How our body deals with trans-fatty acids.

Just as a defective brick cannot be used to build, a defective oil cannot be used by the body. Some enzymes can recognize these defects and ‘reject’ these oils. Our brain is partially protected too as well as a baby in the womb is partially protected by the placenta. The body can selectively dispose of these defective oils breaking them down as fast as it can, but if too many are defective the body may have to use them for vital structures and functions anyway. This means that if all the fat we get in our diet is the fat found in m&m’s for example, our cells will be built with m&m fat and the end result is going to be disease, what kind of degenerative diseases?

  1. Atherosclerosis. Trans-fatty acids will increase blood cholesterol by up to 15% and blood fat by 47% very rapidly. Trans-fatty acids increase the size of atherosclerotic plaques, but high levels of natural oils like flax, hemp, cold water fish oils reverse this. This in spite of manufacturers’ advertising claims that suggest margarines are good four your heart.
  2. Cancer. Cancer rates have gone from 1 in 30 people in 1900 to 1 in 4 in 1990. This increase in cancer is parallel to the increase of fat consumption of hydrogenated, trans- fatty acid vegetable oils. Recent research shows that omega 3 fatty acids inhibit cancer.

Other side effects are: lower immune function, interference with pregnancy, lower birth weight, lower quality of breast milk, increase of blood insulin in response to glucose, decreased insulin response, altered activities of the liver enzyme that metabolizes carcinogens and toxins, altered membrane transport and fluidity.

Advertising. Exposing advertising claims

The oil industry is heavily invested in advertising. Fancy talk and pleasant imagery permeate many ads that want to sell us mediocre products. The worse the product is the more enticing and insistent the ad seems to be, this is especially the case of products directed to children, where a cartoon usually attracts the young mind’s attention.

Advertising counts on us being ignorant, confused or both to sell us products. We need to educate yourselves. In a label you will find things like:

‘From 100% corn oil‘. This claim is actually a true statement, margarine marketed this way usually comes from 100% corn, but it fails to specify that the corn oil used is refined, plus the fact that margarine is partially hydrogenated, and contains 25% trans fatty acids.

‘Polyunsaturated’ is a term that is usually associated in our minds with health or EFA containing. This is because both essential fatty acids LA and LNA are polyunsaturated, but most polyunsaturated oils are unnaturally produced so they contain no LNA.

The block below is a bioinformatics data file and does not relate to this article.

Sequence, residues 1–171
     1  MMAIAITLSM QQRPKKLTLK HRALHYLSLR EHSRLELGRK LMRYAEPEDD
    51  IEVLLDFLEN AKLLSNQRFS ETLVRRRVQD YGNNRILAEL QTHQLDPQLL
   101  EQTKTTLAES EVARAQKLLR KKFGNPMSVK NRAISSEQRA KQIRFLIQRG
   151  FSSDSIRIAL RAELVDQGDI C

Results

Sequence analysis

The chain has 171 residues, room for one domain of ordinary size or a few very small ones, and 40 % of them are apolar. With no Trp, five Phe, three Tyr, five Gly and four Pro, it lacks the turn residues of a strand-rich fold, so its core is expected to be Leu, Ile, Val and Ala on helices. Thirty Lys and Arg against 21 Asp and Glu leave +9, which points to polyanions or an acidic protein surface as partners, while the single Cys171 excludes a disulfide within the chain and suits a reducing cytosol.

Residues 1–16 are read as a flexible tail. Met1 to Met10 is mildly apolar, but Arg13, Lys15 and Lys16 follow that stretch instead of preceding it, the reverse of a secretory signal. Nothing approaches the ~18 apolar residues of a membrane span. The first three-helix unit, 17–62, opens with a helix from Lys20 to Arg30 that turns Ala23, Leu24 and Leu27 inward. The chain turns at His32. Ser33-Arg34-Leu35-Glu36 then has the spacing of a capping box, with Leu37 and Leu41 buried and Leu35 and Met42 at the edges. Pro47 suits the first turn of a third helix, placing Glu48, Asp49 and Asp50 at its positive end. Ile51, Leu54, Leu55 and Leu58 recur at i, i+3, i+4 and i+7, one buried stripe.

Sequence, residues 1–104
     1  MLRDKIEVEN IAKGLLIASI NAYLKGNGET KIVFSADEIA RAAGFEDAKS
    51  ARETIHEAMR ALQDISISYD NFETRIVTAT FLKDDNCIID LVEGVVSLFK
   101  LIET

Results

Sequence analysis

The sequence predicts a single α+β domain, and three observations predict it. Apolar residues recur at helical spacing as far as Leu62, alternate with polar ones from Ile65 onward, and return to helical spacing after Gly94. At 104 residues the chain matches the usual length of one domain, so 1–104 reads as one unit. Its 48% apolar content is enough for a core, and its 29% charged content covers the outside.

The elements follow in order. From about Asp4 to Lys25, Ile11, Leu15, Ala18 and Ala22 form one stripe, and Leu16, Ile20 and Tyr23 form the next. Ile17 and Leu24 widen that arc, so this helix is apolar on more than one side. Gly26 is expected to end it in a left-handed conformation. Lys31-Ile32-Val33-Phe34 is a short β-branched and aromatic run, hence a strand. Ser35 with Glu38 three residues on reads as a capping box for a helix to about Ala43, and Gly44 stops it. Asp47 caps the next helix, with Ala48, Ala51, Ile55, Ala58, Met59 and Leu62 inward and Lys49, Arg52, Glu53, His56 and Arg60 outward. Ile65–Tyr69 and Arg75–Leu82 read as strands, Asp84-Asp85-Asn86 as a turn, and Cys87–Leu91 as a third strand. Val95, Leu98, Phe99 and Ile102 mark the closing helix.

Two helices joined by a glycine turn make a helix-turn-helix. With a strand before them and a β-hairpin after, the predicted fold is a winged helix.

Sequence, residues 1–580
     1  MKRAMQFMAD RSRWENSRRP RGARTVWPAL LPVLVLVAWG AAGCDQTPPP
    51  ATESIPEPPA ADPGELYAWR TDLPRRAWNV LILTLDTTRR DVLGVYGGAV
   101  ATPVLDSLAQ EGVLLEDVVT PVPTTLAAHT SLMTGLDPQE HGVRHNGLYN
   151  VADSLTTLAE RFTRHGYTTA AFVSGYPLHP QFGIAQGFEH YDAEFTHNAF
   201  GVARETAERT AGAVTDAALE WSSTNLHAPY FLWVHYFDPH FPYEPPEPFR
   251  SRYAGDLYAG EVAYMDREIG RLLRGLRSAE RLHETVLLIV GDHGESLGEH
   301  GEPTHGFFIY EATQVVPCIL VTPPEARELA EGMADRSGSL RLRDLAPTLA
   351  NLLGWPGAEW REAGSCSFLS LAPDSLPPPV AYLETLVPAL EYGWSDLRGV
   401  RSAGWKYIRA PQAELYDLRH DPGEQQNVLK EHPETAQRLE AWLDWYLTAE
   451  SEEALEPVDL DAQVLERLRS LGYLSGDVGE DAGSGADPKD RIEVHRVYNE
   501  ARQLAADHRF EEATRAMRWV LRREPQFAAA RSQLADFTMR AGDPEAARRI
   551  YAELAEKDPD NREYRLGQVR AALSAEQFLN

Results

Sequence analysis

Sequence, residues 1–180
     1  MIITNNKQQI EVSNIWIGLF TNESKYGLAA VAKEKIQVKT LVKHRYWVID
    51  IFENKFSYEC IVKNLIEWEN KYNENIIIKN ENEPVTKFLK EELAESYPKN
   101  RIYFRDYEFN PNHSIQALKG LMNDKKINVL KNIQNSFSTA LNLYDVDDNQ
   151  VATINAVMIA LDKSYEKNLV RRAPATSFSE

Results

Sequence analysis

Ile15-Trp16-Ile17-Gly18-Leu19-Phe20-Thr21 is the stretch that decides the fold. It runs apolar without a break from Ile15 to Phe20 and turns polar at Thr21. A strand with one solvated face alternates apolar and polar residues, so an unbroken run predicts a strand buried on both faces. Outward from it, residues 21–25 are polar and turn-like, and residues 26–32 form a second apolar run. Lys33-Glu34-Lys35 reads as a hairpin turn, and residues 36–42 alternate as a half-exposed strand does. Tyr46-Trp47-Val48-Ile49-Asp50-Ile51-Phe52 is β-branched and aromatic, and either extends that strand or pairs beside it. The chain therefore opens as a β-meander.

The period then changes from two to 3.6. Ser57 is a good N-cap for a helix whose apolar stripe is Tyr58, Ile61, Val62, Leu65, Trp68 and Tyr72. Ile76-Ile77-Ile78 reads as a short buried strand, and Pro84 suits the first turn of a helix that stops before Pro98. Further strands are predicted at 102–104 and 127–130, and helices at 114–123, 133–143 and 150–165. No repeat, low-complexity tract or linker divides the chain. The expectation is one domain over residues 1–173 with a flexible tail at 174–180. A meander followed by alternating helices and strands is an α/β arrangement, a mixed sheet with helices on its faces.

‘High in polyunsaturates’, high doesn’t specify how high it is, it can refer to as little as 2%. A product termed like this may be devoid of omega 3, may contain unnatural polyunsaturates or may decrease cholesterol levels while increasing cancer. All these side effects are left out in the advertising. Trans-fatty acids constitute a major deception in advertising poly-unsaturated fatty acids because they are allowed to advertise them as high in polyunsaturates which is true but misleading because by being trans-polyunsaturted fatty acids they are harmful. Partially hydrogenated vegetable oils also contain trans-polyunsaturated fatty acids and superunsaturated fatty acids. Because hydrogenation is a random uncontrollable process manufacturers do not have to give information on unnatural polyunsaturated fatty acids and superunsaturated fatty acids in their products.

‘Contains lecithin’, how much is not specified either and just a tiny amount is enough to be allowed to be put on the label.

‘For cooking, frying and baking’ this recommendation encourages sales but we have seen oils in this way cannot be healthy.

‘No preservatives’, the oil may still contain pesticides, solvents, residues or trans-fatty acids.

‘No cholesterol’ this is true of all products of plant origin. This claim can be used to sell refined oils, tropical fats, margarines, shortenings, partially hydrogenated vegetable oil, etc. which although free of cholesterol may kill you by means of other toxic ingredients more rapidly than the feared cholesterol.

‘For the good of your heart’, there is no scientific evidence that backs up this claim in margarine and other hydrogenated products, on the contrary there is a lot that points in the opposite direction.